• Logfile monitoring was set up to check the error logs from Nginx, Apache and JServ. Having logfiles in the same platform as all the other metrics makes problem-solving much simpler – especially when it comes to seeing what log entries correspond with an HTTP 500 error.
  • Using the New Relic APM Java agent would have given great visibility into where time was spent in the code but, unsurprisingly, it doesn’t support a JVM version from 1999).

Future Enhancements

  • Replace the Microsoft Access database with SQLite. It is still file-based, but can be queried via JDBC instead of ODBC, which removes the requirement of running Mercury Tours on Windows.
  • Migrate from Windows to Linux. With the dependency on ODBC gone, there is no longer any need to run Mercury Tours on Windows. Running on Linux allows better monitoring options and makes the deployment more scriptable. A fully-scripted deployment would remove the requirement for manual patching when new operating system updates are released. Deployment scripts could just be run on a new instance (which is kept up to date by AWS).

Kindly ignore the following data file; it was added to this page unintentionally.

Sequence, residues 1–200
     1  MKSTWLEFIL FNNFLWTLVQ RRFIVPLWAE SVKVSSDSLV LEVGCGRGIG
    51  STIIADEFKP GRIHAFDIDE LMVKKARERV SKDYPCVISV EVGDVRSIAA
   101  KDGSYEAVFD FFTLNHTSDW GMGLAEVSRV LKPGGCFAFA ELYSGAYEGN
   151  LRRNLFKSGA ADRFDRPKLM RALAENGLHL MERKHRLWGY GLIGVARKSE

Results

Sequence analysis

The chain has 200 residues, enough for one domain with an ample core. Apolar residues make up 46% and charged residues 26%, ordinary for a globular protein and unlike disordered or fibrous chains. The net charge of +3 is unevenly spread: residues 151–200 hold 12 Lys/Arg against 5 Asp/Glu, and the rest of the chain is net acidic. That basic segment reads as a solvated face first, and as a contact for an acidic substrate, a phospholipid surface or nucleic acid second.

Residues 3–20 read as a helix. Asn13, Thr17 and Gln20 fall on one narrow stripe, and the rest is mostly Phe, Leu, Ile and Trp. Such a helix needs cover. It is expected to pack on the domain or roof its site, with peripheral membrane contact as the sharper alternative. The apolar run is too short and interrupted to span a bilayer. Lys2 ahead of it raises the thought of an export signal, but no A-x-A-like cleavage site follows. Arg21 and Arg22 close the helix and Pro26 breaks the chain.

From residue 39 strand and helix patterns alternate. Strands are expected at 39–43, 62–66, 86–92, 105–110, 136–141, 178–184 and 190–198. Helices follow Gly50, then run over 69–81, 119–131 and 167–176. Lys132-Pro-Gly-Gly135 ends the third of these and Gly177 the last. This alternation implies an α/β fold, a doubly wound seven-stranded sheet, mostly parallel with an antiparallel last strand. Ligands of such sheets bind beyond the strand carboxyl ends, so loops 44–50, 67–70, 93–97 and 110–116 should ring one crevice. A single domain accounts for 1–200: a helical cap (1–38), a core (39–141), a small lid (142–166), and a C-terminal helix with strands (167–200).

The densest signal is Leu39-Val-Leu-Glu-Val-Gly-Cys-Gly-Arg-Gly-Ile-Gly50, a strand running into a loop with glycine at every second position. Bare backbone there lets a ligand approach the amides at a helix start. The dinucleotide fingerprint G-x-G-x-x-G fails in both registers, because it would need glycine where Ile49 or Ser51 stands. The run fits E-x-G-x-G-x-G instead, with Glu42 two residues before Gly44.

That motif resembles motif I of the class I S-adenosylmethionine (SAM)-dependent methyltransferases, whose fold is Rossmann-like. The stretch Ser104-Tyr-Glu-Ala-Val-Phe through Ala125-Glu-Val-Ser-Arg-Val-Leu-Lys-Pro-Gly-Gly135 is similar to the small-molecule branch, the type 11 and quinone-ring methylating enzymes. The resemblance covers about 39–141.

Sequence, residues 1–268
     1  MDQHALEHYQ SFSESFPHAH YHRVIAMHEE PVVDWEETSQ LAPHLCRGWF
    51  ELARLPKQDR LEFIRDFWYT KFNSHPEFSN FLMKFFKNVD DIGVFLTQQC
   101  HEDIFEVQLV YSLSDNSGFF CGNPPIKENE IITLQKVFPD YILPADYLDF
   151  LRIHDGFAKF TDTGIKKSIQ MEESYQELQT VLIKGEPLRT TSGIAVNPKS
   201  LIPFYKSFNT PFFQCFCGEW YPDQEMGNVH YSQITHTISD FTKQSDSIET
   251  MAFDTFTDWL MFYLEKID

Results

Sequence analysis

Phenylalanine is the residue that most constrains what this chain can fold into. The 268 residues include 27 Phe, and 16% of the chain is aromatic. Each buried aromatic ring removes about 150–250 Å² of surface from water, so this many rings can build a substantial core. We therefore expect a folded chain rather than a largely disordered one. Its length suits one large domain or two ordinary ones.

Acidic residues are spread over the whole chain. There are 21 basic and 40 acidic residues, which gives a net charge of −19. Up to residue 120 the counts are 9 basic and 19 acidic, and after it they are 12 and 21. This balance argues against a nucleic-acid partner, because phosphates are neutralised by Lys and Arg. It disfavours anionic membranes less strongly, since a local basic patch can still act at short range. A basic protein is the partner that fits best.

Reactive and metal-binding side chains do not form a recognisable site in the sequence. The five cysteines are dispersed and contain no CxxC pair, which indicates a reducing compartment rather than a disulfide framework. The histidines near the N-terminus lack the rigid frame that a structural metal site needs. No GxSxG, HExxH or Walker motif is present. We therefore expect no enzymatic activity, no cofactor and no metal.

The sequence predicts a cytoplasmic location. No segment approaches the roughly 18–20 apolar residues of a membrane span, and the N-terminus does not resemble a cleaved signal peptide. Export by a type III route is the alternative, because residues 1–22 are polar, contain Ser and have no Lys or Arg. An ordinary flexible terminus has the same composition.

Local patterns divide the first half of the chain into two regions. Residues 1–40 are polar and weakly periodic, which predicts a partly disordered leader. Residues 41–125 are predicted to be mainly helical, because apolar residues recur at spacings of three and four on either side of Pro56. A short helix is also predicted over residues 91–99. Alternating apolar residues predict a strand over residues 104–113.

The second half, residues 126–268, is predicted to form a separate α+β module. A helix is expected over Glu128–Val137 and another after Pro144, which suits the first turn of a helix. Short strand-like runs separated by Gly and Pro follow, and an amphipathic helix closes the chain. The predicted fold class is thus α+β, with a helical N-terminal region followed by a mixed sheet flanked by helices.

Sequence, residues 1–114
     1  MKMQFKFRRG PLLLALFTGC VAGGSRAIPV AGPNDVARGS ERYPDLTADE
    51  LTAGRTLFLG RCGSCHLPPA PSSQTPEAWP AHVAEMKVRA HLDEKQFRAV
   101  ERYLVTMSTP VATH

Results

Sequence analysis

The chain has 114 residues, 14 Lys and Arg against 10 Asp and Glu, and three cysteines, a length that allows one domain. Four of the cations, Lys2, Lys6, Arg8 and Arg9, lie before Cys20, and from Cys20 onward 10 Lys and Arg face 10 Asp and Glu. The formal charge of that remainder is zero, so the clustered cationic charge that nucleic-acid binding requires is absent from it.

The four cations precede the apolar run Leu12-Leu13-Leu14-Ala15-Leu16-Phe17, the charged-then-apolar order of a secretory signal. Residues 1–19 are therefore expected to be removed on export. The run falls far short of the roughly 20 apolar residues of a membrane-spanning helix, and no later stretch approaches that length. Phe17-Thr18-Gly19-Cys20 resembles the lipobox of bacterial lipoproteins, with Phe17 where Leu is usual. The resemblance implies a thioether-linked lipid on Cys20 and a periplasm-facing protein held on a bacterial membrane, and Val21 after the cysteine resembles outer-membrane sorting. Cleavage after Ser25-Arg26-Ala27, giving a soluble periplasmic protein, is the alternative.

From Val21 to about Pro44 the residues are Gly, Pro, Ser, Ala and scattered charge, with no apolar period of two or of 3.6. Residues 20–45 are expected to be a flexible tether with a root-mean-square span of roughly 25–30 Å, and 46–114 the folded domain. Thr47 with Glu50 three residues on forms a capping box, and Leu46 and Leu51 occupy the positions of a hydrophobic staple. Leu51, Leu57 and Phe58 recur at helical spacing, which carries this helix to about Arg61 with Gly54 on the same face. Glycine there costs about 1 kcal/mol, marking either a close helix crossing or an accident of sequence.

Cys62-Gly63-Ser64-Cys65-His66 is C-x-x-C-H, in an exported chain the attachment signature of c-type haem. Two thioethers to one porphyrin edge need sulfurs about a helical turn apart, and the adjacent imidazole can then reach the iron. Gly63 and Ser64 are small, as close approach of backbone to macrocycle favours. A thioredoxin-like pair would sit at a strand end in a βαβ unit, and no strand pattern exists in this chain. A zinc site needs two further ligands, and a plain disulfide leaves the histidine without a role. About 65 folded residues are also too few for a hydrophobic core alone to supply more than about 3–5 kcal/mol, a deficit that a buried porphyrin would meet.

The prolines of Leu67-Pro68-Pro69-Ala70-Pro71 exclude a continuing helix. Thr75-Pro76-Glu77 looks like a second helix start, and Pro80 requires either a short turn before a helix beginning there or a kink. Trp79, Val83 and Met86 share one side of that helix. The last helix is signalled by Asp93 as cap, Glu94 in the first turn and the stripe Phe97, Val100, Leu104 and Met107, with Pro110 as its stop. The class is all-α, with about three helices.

• Replace JServ with a modern servlet container (Tomcat? Jetty?) and upgrade to a current-generation JVM. The biggest benefit of doing this would be to enable code-level performance timings with New Relic APM for better system observability.
  • Replace the Apache web server with Nginx and set up Nginx monitoring. There is no need for Apache when Nginx can serve static content better and can efficiently pass servlet requests to the app server using the nginx_ajp_module (which doesn’t work on Windows).
  • Update source code to remove SQL injection vulnerabilities. Even though there is no data that anyone cares about in the Mercury Tours database, it still seems like poor form to allow SQL injection attacks when they are so obvious.
  • The artificial performance bottlenecks are due to servlet code, but it would still be useful to move more of the work to Nginx and implement some Nginx performance optimisations like enabling HTTP/2, tweaking caching headers, enabling compression and setting up a cache for the reverse proxy.
Stuart Moncrieff

Stuart Moncrieff

Maybe not the best use of my time. The pain of deploying old software securely. difference between deploying something on a local


Published On: July 11, 2020Tags: